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Income, Income Inequality and the “Hidden Epidemic” of Traffic Fatalities

  • Nejat Anbarci

    (Department of Economics, Florida International University)

  • Monica Escaleras

    ()

    (Department of Economics, Florida Atlantic University)

  • Charles Register

    (Department of Economics, Florida Atlantic University)

Few, if any, epidemics responsible for 20 million severe injuries and/or deaths each year, globally, receive less public attention than do traffic accidents truly making them a “hidden epidemic”. Worse yet, the epidemic is growing as evidenced by World Health Organization data which show deaths from traffic accidents increasing by 20 percent between 1990 and 2002. In this paper we examine how a country’s stage of development and its distribution of income affect its traffic fatality rate. In our theoretical analysis, we show that traffic fatalities should have a nonlinear relationship with a country’s level of per capita income while being a decreasing function of income equality. We test our model’s predictions by evaluating data from 79 countries between 1970 and 2000, taking into account other factors that influence traffic fatalities like the motorization rate, health care networks, education, and alcohol consumption and find strong evidence of the theoretical model’s predictions. Specifically, the empirical results indicate that traffic fatalities are negatively related to income equality throughout its range and also are negatively related to per capita income, above a threshold of about $11,500.

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File URL: http://home.fau.edu/mescaler/web/working%20papers/traffic-8.8.06.pdf
File Function: Revised version, 2006
Download Restriction: no

Paper provided by Department of Economics, College of Business, Florida Atlantic University in its series Working Papers with number 05002.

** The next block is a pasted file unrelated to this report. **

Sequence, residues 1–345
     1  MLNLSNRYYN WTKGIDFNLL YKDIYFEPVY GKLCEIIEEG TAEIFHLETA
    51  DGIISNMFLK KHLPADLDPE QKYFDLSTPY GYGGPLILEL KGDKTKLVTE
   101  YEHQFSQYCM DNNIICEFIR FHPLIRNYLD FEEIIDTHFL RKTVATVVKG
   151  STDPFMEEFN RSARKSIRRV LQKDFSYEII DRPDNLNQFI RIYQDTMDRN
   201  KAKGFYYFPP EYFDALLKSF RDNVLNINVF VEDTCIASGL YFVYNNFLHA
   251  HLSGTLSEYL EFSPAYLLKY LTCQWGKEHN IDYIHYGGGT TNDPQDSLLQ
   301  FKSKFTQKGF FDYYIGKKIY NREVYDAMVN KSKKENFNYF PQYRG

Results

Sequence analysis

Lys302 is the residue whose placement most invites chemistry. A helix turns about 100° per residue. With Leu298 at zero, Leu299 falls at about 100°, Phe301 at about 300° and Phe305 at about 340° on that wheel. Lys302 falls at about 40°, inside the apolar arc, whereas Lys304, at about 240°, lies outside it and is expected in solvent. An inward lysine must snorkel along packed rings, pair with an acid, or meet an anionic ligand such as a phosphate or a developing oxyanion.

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Length: 43 pages
Date of creation: Nov 2005
Date of revision: Aug 2006
Handle: RePEc:fal:wpaper:05002
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Web page: http://business.fau.edu/economics

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  1. Deaton, A., 2001. "Health, Inequality, and Economic Development," Papers 200, Princeton, Woodrow Wilson School - Development Studies.
  2. Ruhm, Christopher J., 1996. "Alcohol policies and highway vehicle fatalities," Journal of Health Economics, Elsevier, vol. 15(4), pages 435-454, August.
  3. Frank J. Chaloupka & Henry Saffer & Michael Grossman, 1991. "Alcohol Control Policies and Motor Vehicle Fatalities," NBER Working Papers 3831, National Bureau of Economic Research, Inc.
  4. Waldmann, Robert J, 1992. "Income Distribution and Infant Mortality," The Quarterly Journal of Economics, MIT Press, vol. 107(4), pages 1283-302, November.
  5. Alma Cohen & Liran Einav, 2003. "The Effects of Mandatory Seat Belt Laws on Driving Behavior and Traffic Fatalities," The Review of Economics and Statistics, MIT Press, vol. 85(4), pages 828-843, November.
  6. Dee, Thomas S., 1999. "State alcohol policies, teen drinking and traffic fatalities," Journal of Public Economics, Elsevier, vol. 72(2), pages 289-315, May.
  7. Brent D. Mast & Bruce L. Benson & David W. Rasmussen, 1999. "Beer Taxation and Alcohol-Related Traffic Fatalities," Southern Economic Journal, Southern Economic Association, vol. 66(2), pages 214-249, October.
  8. Deininger, Klaus & Squire, Lyn, 1996. "A New Data Set Measuring Income Inequality," World Bank Economic Review, World Bank Group, vol. 10(3), pages 565-91, September.
  9. Kopits, Elizabeth & Cropper, Maureen, 2003. "Traffic fatalities and economic growth," Policy Research Working Paper Series 3035, The World Bank.
  10. Benson, Bruce L. & Rasmussen, David W. & Mast, Brent D., 1999. "Deterring drunk driving fatalities: an economics of crime perspective1," International Review of Law and Economics, Elsevier, vol. 19(2), pages 205-225, June.
  11. McCarthy, Patrick S, 1996. "Market Price and Income Elasticities of New Vehicles Demand," The Review of Economics and Statistics, MIT Press, vol. 78(3), pages 543-47, August.
  12. Jennifer M. Mellor & Jeffrey Milyo, 1999. "Re-Examining the Evidence of an Ecological Association between Income Inequality and Health," Discussion Papers Series, Department of Economics, Tufts University 9922, Department of Economics, Tufts University.
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